In Mallory’s case, Virginia-based longtime railroad worker Robert Mallory sued the Virginia-based company in Pennsylvania state court, alleging that he was exposed to asbestos while working on the Ohio and Virginia railroads. (Mallory’s Supreme Court attorney, Ashley Keeler of Keller Postman, told me that his client’s lawyers chose Pennsylvania because that’s where they reside.)

Mallory asserted that the railroad had approved of Pennsylvania’s jurisdiction when it was registered to do business in the state. But the Pennsylvania Supreme Court Rule Last December, jurisdiction law by registration was deemed coercive rather than voluntary, and thus a violation of railways’ constitutional due process rights.

Mallory Supreme Court Lawyers – Guided by Consent in 2021 Ford Motor Company vs. Montana As Justice Neil Gorsuch asked why “American corporations continue to receive special judicial protection in the name of the Constitution”—he told the Supreme Court in Opening Brief That neither the Fourteenth Amendment nor Supreme Court precedent prevents states from requiring corporations to submit to their jurisdiction as a condition of conducting business.

The history and long tradition of these state laws is reflected, according to Mallory, in a 1917 Supreme Court decision, Pennsylvania Fire Insurance Philadelphia v. Gold Issue Mining and Milling Co, whereby judges upheld Missouri’s exercise of jurisdiction over a corporation in Arizona that agreed upon its registration to do business in Missouri. Mallory argued that subsequent Supreme Court cases—including the two recent milestones in corporate jurisdiction, 2011 Goodyear Tires Operations S.A. v. Brown and 2014 Daimler AG vs. Bowman – He stressed the importance of establishing the company and its contacts with the country that claims to exercise jurisdiction. But, according to Mallory, neither Goodyear nor Daimler explicitly vetoed the Pennsylvania Fire, which centered on the company’s approval of the Missouri jurisdiction.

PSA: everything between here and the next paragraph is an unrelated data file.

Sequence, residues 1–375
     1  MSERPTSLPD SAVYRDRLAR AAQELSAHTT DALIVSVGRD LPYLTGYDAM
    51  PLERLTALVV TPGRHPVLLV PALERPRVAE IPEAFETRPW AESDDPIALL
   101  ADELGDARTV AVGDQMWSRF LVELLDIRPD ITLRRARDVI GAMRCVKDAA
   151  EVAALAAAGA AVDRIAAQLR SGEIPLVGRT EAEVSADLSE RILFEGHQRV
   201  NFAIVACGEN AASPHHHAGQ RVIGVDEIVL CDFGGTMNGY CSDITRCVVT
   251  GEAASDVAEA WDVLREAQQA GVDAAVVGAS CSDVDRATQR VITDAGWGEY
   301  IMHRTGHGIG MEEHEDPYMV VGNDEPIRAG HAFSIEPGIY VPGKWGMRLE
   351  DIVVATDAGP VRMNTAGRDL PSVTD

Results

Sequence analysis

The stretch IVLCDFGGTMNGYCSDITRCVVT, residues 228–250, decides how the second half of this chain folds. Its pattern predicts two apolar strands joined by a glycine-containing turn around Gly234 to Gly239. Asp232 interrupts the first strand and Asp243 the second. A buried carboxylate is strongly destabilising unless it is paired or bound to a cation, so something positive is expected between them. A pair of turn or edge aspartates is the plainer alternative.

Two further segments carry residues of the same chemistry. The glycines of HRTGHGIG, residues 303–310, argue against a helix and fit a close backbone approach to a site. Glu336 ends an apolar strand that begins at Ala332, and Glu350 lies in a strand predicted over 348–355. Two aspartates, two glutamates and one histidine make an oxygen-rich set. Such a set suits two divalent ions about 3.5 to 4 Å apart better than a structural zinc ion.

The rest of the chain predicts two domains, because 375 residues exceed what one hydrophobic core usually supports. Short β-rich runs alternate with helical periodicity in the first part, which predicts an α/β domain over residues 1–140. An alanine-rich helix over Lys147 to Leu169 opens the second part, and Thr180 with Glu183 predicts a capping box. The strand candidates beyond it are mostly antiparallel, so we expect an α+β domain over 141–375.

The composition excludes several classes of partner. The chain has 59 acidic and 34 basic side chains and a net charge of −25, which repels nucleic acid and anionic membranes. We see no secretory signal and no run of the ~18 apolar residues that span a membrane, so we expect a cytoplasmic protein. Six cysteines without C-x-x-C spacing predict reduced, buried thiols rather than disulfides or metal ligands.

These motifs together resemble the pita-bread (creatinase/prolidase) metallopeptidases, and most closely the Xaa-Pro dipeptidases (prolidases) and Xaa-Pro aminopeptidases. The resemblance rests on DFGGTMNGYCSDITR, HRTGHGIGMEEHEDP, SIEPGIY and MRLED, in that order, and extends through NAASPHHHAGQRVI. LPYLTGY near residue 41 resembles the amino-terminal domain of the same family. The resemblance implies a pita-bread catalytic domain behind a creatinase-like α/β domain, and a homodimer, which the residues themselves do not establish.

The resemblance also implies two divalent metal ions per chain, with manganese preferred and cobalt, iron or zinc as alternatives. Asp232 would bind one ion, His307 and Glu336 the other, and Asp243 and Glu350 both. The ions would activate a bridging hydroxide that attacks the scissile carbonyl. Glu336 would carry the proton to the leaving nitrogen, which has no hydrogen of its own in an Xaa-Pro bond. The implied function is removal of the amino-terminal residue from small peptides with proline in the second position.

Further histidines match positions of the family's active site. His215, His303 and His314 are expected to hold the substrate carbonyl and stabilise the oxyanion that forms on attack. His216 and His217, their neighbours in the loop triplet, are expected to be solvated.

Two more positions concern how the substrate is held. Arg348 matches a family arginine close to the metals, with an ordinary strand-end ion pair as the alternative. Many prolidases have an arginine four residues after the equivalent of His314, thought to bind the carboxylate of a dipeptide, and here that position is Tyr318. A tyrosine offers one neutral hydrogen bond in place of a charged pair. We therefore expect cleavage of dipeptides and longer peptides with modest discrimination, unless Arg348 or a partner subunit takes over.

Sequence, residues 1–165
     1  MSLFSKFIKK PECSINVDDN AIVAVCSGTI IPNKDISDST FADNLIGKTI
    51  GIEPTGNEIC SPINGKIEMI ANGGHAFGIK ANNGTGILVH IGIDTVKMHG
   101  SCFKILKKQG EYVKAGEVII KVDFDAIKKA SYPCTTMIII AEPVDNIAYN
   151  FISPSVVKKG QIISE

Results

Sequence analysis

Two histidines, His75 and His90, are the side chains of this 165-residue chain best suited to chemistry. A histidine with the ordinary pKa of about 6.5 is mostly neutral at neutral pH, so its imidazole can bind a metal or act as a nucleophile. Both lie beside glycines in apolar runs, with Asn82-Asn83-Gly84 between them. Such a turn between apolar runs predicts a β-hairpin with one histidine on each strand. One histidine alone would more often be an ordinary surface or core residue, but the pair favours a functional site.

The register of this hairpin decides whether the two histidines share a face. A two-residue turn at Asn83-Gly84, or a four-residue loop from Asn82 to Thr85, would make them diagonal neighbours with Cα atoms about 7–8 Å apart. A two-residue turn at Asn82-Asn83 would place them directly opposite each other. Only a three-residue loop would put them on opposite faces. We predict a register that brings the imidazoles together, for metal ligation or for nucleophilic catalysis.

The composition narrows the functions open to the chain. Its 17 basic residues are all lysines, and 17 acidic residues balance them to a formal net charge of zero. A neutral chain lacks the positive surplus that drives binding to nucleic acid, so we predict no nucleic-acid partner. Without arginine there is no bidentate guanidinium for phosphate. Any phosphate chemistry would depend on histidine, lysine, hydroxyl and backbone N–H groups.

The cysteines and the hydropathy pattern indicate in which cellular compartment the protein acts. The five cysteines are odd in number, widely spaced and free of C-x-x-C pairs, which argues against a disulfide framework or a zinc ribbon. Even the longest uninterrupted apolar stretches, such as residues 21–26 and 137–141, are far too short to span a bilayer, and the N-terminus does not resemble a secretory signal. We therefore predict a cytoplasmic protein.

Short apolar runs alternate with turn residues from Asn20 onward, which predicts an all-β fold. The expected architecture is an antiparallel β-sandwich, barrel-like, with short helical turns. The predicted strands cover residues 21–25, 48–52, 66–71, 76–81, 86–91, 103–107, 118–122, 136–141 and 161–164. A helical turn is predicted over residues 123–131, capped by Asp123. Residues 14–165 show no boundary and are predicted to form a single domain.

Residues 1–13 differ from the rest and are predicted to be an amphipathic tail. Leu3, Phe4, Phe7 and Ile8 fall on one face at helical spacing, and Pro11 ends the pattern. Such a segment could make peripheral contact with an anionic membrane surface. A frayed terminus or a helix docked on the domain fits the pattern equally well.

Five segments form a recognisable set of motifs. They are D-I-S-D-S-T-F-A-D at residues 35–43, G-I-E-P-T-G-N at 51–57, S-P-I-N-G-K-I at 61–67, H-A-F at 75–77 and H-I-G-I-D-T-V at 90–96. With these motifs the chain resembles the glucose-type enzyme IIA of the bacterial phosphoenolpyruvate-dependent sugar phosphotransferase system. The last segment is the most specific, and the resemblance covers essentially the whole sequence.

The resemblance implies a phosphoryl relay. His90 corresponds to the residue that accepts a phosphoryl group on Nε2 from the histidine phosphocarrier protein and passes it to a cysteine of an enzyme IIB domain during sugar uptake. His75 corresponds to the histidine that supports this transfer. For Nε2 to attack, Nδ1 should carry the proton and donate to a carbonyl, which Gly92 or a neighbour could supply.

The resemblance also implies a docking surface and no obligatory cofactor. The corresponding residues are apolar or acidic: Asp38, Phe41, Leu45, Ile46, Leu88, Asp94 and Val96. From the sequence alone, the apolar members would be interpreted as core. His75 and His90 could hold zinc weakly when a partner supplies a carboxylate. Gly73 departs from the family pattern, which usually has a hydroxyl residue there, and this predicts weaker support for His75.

Supreme Court Rail Counsel, Carter Phillips of Sidley Austin, responds in Norfolk Southern 26 august brief That the judges effectively invalidated the Pennsylvania fire in their decision on the international boot and in subsequent cases.

“No aspect of the Pennsylvania Fire Logic has escaped the international boot,” the company said in its brief. “This includes not only the fantasies of tacit consent and existence, but also the idea that a company’s compulsory compliance with state law is ‘voluntary.’ In other words, compulsory registration cannot result in consent.”